Friday, April 13, 2007

Reading While Rallying

I hope that you’ve already heard about tomorrow’s First National Day of Climate Action, a national day of rallies and protests aimed at convincing Congress to cap carbon emissions. Many efforts seek to dramatize the unwelcome changes we’re already facing: scuba divers will be visiting bleaching coral reefs off Florida, and skiers will be schooshing down shrinking glaciers in the Rockies. Around here (Maryland), more prosaic activities are planned, with gatherings, sign-wavings, and hikes of like-minded folks hoping to draw at least a little media attention. The closest group event to me is 20 miles away, though, and it doesn’t seem quite right to drive my minivan (yes, as classic soccer mom, I drive a minivan) to a rally against energy waste. Since other commitments (soccer included) kept me from organizing my own local rally, I needed a Plan B.

So of course I thought of a personal read-a-thon. At first, it seemed ideal to immerse myself in global warming treatises for the day, with the plan to blog about the best next week. After all, activism through books is a major goal of mine. But upon reflection, sitting along doesn’t seem the right way to support the “Step It Up” campaign. The Administration’s been cowering behind the “We need more research” bush long enough. The jury is in. We can quibble over the details of how fast, where, and who, but global warming is happening. What’s a reading activist to do to help stop it?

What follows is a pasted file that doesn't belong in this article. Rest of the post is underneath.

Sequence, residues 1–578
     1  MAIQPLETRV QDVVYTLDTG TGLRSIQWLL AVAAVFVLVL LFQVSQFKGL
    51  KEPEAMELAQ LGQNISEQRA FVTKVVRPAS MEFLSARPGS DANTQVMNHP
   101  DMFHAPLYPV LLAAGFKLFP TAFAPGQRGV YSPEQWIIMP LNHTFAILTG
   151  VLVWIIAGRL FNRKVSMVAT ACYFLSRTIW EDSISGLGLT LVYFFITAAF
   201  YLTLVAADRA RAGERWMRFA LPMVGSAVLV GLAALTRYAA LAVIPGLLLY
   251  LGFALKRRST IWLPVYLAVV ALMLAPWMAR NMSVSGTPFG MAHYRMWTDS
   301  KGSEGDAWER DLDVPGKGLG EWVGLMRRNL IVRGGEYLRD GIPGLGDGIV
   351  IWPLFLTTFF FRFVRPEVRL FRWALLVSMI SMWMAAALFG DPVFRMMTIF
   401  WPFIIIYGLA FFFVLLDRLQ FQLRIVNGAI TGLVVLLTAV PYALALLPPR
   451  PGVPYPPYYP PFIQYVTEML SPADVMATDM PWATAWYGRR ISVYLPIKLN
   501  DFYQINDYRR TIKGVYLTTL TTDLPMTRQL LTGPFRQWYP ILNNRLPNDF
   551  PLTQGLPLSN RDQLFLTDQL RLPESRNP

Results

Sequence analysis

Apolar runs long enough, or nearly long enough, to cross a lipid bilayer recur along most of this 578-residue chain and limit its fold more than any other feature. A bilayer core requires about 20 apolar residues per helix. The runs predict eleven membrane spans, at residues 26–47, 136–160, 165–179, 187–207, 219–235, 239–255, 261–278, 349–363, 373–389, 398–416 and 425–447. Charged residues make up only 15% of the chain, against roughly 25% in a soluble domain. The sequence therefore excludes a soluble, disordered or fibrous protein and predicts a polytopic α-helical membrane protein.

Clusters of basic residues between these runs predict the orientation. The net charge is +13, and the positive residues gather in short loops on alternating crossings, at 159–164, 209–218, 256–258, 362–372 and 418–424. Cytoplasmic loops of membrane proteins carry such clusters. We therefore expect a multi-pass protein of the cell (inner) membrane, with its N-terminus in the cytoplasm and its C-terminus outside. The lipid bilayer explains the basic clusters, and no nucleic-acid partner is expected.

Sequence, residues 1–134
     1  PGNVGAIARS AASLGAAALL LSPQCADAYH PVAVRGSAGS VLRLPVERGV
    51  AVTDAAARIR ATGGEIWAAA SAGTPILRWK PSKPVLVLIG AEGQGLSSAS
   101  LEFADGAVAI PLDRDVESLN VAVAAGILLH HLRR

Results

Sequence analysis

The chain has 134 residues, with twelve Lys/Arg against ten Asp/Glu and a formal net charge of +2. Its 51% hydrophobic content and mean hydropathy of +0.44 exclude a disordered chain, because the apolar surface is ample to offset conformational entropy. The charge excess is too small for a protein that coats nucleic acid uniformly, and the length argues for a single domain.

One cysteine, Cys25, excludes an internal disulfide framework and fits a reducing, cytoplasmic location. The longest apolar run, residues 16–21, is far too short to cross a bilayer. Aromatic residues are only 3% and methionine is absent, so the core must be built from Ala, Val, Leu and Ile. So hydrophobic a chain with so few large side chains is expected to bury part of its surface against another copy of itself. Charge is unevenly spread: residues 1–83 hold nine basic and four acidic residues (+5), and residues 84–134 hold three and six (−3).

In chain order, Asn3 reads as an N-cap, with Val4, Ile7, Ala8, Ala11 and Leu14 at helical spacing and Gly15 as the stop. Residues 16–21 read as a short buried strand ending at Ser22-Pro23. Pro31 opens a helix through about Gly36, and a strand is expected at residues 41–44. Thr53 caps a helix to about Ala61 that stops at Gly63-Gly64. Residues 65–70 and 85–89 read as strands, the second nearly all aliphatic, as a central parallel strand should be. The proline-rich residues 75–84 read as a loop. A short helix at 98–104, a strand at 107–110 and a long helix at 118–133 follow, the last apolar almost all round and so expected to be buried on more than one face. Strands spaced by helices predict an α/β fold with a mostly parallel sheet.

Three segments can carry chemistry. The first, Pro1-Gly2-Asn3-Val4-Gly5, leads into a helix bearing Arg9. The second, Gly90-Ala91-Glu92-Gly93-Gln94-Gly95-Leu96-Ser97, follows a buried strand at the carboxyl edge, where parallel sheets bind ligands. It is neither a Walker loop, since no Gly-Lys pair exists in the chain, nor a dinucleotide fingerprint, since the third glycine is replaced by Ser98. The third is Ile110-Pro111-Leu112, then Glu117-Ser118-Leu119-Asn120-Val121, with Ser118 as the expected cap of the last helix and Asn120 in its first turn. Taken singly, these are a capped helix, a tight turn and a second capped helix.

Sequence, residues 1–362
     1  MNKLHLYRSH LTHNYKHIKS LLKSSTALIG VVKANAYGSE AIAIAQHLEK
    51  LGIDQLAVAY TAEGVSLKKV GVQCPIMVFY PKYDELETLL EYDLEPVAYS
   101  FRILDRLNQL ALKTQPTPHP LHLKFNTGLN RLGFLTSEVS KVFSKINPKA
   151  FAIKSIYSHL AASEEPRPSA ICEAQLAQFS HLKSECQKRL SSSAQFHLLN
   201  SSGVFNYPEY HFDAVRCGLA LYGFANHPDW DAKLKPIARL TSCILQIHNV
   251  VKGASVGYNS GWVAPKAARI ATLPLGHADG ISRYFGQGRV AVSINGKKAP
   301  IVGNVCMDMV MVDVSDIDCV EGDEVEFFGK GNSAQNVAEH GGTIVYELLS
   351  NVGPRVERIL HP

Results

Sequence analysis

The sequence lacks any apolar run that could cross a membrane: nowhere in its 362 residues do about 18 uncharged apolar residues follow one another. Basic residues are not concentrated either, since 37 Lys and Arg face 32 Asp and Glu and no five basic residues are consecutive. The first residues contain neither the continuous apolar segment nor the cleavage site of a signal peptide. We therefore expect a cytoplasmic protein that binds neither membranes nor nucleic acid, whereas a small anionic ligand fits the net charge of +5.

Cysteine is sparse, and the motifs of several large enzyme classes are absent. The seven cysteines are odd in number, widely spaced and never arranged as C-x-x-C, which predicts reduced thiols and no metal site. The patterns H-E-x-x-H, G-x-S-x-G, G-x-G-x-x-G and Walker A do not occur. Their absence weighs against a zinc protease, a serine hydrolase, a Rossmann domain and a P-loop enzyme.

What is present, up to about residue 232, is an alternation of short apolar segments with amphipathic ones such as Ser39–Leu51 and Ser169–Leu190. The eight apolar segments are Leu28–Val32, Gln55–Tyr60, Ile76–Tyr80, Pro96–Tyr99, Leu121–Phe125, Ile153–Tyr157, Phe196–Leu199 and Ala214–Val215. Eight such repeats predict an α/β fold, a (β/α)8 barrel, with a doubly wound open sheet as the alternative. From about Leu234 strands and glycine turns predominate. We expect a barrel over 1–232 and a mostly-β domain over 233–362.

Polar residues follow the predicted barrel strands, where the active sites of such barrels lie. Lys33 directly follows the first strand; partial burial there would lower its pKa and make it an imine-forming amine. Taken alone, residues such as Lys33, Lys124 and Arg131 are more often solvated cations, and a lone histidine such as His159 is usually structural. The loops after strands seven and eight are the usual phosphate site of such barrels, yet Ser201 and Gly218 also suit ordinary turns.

I know what we’ll do tomorrow. My kids and I will walk to our local park, wearing our “Save the Arctic” t-shirts, and mingle with other families at a planned pet festival. Our message will be quiet and more visual than verbal (wolves and polar bears on the shirts), but maybe it will remind a few people we pass that global warming is part of our regular life, even on Saturdays at the park. More likely, it will remind me to make time in my busy (reading) life to step up and take action. As I walk, I’ll be thinking of more powerful steps my family and I can take, ways to reach out and reach in. My plan for our Climate Action is too small to be satisfying, but maybe that's a good thing. On Sunday, I hope to have the beginnings of a new plan to do more than just read or write. I hope you’ll join me Saturday and beyond.

And if you need more information about the campaign and its founder, Bill McKibben, check out an interview with him at World Changing Magazine. McKibben published the first popular book about global warming The End of Nature in 1989, and initiated the Step It Up campaign just months ago in Vermont. If you insist on reading rather than rallying on Saturday, or are coordinated enough to read while rallying, The End of Nature might be the book to get you started.

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